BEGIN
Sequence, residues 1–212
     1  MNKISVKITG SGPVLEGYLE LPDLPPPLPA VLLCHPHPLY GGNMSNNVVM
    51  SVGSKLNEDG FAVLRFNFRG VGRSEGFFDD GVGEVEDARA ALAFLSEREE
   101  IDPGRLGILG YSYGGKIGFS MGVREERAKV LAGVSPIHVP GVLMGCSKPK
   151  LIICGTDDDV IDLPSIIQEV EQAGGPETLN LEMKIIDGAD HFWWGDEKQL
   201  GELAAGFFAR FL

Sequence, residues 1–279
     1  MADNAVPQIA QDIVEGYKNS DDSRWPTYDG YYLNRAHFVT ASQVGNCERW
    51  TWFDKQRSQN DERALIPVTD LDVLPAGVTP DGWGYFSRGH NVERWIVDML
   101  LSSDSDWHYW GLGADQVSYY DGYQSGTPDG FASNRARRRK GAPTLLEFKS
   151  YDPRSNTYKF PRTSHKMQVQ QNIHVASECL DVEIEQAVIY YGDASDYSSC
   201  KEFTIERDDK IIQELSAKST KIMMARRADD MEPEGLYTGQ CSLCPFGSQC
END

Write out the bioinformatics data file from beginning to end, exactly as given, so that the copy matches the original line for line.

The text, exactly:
Sequence, residues 1–212
     1  MNKISVKITG SGPVLEGYLE LPDLPPPLPA VLLCHPHPLY GGNMSNNVVM
    51  SVGSKLNEDG FAVLRFNFRG VGRSEGFFDD GVGEVEDARA ALAFLSEREE
   101  IDPGRLGILG YSYGGKIGFS MGVREERAKV LAGVSPIHVP GVLMGCSKPK
   151  LIICGTDDDV IDLPSIIQEV EQAGGPETLN LEMKIIDGAD HFWWGDEKQL
   201  GELAAGFFAR FL

Sequence, residues 1–279
     1  MADNAVPQIA QDIVEGYKNS DDSRWPTYDG YYLNRAHFVT ASQVGNCERW
    51  TWFDKQRSQN DERALIPVTD LDVLPAGVTP DGWGYFSRGH NVERWIVDML
   101  LSSDSDWHYW GLGADQVSYY DGYQSGTPDG FASNRARRRK GAPTLLEFKS
   151  YDPRSNTYKF PRTSHKMQVQ QNIHVASECL DVEIEQAVIY YGDASDYSSC
   201  KEFTIERDDK IIQELSAKST KIMMARRADD MEPEGLYTGQ CSLCPFGSQC